The Economy & You #49: Elements of Manufacturing Competitiveness
Manufacturing or the process of “making things” is critical in keeping our nation competitive. Manufacturing helps to promote innovation, knowledge creation and economic prosperity. Think about this, when we create products through advanced manufacturing techniques, we are supporting basic and higher education through knowledge creation and innovation. We are supporting economic prosperity through business development, intellectual property development and job creation. Therefore, the future of manufacturing will depend on our nation focusing its efforts on the development of talent, continuous innovation, stable and affordable energy, and government policies that help to encourage and support manufacturing.
In a previous article I wrote about a report from Deloitte that examines the challenges faced by American manufacturing. In that report, Deloitte identified what it labeled as the elements of competitiveness that are required for manufacturing to prosper in the future.
Human capital is identified as the critical factor for companies and countries to prosper. Manufacturing jobs need workers with the necessary skills to perform those jobs. As stated in my previous article, over 600,000 jobs in the U.S. alone cannot be filled because there is a shortage in job skills. Developed nations will not be able to prosper and emerging economies will be unable to grow with more skilled workers. Because of this, access to this human capital will become more important and more competitive. Companies that can recruit, retain and develop their high skilled workers will be more likely to be successful.
Similarly, innovation will be an important factor to future prosperity. The ability of companies to stay ahead of the competition will allow them to continue to expand, improve market share and increase profits. This in turn will grow national GDP (gross domestic product) and strengthen the manufacturing sector. The ability to address new and complex problems with innovative ideas is what will drive the future of manufacturing.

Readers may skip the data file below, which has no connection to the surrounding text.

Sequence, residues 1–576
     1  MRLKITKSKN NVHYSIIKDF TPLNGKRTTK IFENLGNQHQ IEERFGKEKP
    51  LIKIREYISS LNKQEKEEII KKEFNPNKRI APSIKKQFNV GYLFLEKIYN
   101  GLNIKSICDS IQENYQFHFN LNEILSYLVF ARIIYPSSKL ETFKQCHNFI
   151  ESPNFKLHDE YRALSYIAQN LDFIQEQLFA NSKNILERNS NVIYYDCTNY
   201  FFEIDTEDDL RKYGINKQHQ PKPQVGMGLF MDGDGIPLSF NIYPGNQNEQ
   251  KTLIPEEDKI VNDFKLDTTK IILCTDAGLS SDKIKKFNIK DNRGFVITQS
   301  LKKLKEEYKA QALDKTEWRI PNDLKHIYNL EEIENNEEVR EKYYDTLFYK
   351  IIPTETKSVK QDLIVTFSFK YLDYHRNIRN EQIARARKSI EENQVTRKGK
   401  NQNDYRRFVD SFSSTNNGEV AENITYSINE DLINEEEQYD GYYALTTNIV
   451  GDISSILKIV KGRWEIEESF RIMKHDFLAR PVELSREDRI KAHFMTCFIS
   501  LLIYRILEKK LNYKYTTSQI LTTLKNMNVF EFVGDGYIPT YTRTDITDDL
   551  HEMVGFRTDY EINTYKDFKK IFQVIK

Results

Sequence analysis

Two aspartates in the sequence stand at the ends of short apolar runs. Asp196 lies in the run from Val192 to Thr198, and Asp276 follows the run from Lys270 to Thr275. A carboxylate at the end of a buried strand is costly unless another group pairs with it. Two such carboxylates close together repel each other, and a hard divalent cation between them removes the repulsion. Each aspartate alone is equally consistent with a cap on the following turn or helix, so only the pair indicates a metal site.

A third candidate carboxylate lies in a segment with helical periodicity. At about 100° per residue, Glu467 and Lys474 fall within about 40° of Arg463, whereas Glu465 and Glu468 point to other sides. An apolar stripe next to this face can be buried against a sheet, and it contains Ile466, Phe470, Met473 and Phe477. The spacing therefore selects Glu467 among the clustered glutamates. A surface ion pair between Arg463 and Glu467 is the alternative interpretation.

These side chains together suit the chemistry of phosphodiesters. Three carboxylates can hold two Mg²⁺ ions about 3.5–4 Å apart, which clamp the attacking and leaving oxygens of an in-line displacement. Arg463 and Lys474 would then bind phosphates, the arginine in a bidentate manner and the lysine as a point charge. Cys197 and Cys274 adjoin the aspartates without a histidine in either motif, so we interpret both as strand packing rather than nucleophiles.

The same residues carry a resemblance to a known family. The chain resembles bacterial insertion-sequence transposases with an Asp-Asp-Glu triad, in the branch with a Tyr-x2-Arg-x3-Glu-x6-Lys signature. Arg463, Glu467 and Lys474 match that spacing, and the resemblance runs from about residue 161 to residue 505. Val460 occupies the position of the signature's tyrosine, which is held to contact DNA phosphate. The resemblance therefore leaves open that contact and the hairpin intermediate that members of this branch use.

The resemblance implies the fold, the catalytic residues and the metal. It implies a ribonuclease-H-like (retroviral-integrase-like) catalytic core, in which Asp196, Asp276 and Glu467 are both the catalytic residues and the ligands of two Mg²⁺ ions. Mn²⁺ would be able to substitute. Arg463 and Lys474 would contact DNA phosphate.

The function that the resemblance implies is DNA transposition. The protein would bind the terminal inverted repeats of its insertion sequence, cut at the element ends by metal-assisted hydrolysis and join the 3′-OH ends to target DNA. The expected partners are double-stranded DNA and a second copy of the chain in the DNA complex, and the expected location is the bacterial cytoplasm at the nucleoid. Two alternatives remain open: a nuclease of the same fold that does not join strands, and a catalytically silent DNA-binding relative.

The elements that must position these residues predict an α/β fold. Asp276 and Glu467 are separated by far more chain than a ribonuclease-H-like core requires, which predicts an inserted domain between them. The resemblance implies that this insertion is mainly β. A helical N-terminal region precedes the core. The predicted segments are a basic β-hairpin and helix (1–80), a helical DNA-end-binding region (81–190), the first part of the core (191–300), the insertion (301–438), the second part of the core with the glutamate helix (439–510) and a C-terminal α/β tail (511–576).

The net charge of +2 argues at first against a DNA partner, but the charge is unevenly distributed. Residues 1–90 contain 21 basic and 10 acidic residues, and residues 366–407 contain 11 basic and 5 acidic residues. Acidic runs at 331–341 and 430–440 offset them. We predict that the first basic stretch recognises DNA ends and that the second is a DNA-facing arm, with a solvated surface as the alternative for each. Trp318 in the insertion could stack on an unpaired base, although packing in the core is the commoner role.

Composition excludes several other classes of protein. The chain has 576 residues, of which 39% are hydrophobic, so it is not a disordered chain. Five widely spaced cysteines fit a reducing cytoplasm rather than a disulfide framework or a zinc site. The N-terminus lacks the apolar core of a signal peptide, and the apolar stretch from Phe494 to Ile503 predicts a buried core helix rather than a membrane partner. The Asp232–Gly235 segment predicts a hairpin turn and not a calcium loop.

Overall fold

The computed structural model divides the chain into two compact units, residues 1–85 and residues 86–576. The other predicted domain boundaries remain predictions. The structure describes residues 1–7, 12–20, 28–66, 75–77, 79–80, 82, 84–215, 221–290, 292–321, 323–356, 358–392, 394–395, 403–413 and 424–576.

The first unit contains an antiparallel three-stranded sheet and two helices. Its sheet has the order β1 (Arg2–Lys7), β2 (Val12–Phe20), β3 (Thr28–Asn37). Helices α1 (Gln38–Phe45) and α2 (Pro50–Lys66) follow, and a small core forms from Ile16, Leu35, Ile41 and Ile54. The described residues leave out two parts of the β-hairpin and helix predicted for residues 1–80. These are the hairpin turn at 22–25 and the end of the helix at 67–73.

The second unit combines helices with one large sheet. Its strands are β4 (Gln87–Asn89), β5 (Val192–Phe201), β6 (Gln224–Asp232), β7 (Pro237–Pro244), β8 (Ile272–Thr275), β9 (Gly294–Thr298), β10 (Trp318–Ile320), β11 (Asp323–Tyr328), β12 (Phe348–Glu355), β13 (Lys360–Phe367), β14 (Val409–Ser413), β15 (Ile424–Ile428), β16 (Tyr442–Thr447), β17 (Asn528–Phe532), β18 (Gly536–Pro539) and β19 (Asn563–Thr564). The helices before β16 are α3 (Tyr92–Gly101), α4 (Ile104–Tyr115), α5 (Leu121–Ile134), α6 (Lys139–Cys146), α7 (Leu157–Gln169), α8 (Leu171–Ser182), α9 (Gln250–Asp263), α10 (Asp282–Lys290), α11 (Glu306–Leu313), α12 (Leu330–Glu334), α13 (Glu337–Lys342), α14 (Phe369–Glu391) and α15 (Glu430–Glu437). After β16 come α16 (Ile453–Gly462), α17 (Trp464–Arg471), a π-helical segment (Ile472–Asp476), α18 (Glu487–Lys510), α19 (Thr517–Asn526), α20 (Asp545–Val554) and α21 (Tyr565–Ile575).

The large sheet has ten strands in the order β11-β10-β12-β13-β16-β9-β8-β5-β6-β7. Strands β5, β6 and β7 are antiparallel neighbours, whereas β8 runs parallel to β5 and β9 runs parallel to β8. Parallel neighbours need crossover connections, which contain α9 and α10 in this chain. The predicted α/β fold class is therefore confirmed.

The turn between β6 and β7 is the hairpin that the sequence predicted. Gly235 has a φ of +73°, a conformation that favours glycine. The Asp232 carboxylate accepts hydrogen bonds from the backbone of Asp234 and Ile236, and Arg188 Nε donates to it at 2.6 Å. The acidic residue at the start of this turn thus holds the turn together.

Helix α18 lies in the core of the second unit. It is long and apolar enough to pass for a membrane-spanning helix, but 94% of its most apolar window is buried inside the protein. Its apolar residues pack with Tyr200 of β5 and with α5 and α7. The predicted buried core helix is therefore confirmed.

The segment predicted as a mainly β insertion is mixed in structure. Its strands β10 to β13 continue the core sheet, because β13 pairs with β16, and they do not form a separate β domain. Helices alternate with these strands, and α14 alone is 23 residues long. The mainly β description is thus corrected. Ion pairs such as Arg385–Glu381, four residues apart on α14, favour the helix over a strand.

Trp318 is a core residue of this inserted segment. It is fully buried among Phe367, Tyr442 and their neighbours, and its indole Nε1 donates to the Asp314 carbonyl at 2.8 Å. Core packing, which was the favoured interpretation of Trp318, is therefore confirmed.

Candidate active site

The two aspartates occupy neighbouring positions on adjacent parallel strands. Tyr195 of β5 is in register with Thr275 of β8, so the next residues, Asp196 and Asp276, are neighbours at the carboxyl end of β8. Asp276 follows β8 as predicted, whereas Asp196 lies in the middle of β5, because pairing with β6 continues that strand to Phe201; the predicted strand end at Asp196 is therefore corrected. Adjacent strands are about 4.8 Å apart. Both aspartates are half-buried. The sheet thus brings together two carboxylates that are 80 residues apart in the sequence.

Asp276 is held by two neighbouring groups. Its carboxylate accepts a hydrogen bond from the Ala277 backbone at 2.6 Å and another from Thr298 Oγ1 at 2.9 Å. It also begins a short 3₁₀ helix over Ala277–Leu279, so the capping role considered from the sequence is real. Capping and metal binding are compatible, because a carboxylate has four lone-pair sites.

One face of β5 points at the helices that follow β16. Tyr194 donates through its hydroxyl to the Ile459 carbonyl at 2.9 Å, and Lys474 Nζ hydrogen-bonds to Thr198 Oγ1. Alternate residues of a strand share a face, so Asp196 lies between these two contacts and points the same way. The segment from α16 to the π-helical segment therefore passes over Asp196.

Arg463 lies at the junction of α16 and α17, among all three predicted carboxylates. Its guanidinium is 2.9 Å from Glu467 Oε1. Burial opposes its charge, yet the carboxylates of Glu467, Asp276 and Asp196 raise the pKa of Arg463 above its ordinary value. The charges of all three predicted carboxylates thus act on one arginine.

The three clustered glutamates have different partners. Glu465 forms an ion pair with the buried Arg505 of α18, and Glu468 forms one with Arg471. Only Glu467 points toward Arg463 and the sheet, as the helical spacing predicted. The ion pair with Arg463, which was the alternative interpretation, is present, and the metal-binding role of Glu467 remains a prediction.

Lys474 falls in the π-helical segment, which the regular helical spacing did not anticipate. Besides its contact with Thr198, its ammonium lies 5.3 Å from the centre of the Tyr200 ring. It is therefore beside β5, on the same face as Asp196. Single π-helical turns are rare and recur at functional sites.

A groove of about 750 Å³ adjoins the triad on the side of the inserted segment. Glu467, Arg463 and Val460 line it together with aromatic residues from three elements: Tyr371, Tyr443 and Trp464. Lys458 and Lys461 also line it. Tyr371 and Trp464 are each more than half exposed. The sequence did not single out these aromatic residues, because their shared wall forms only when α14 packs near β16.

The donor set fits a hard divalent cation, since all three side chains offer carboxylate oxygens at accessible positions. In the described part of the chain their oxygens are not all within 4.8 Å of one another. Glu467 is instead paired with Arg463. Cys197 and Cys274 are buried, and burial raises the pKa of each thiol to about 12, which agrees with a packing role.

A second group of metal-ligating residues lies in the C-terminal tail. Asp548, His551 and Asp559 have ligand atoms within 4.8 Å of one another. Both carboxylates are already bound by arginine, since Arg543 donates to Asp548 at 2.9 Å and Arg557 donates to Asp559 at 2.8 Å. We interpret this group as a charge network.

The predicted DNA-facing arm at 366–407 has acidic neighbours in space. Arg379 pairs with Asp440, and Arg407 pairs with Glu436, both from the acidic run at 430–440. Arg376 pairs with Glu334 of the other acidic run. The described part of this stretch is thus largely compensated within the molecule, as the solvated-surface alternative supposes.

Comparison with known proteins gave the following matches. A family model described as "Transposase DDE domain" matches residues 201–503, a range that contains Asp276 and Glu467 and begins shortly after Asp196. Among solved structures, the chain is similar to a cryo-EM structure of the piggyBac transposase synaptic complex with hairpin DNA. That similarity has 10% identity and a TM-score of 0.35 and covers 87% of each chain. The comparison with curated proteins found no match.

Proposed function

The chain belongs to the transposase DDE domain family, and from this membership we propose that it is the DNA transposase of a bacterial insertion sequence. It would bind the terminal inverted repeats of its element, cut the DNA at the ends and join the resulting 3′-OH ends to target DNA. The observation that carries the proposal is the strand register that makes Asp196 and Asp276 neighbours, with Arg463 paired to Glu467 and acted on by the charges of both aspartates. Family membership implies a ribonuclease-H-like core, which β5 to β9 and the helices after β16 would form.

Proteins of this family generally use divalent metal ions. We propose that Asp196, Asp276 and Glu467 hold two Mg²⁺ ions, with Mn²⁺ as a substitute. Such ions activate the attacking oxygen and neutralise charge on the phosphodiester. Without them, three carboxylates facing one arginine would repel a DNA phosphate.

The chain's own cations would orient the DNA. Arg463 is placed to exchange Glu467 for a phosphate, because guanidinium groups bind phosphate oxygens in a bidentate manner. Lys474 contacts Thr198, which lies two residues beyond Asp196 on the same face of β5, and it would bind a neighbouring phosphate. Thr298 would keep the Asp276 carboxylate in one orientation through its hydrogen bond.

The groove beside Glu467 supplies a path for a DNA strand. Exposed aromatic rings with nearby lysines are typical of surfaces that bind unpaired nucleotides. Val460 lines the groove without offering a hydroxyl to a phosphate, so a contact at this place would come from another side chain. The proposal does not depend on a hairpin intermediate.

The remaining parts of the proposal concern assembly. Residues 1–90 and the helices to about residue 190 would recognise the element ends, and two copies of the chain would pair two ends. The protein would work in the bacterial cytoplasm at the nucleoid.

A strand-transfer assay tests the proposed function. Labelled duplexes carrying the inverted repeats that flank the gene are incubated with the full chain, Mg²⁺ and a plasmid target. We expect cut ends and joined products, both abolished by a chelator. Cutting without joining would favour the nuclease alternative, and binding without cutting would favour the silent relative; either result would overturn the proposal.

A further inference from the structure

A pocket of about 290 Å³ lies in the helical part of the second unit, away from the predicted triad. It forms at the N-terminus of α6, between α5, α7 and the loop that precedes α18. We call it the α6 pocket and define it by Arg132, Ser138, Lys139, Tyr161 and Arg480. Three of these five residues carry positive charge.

As developing nations continue to increase in population as they industrialize, the demand for energy will only rise. The demands for affordable and reliable energy sources will be major concerns to manufacturers who depend on energy make their products. The increased demand will force companies and countries to engineer new ways to manufacturer products in a more sustainable and energy-efficient manner. Environmental concerns will cause many companies to take a global approach to how and where it manufactures its products. While the United States is experiencing somewhat of an energy renaissance, companies will need to work together with policy makers to address the various issues that results from the need for energy.
Tying all of these elements together is the need for a clear and coherent set of government policies that support the manufacturing industry. Government and business must work together to identify those issues that will help the U.S. to grow and prosper. Because we are in a world economy that has become more interdependent and more complex, government must work to address a number of trade, education, and financial policy issues that will best serve our manufacturing sector and our national economy. While government has a more direct role in some policy areas, especially in the areas of taxes, trade and regulation, government can play a role in all of the areas that can help to keep U.S. manufacturing competitive.
Government and manufacturers must collaborate to create national policies that help to determine the role for each and help to ensure that American manufacturing rebounds and returns to its prominent position in our national economy.
- The Economy & You #42: The Future of the U.S. Economy – My view (Part II) (wistatetreasury.wordpress.com)
- How Britain can make more ‘things’ | Jürgen Maier (guardian.co.uk)
- New World Coming: America’s Manufacturing Rebound (monstersabroad.wordpress.com)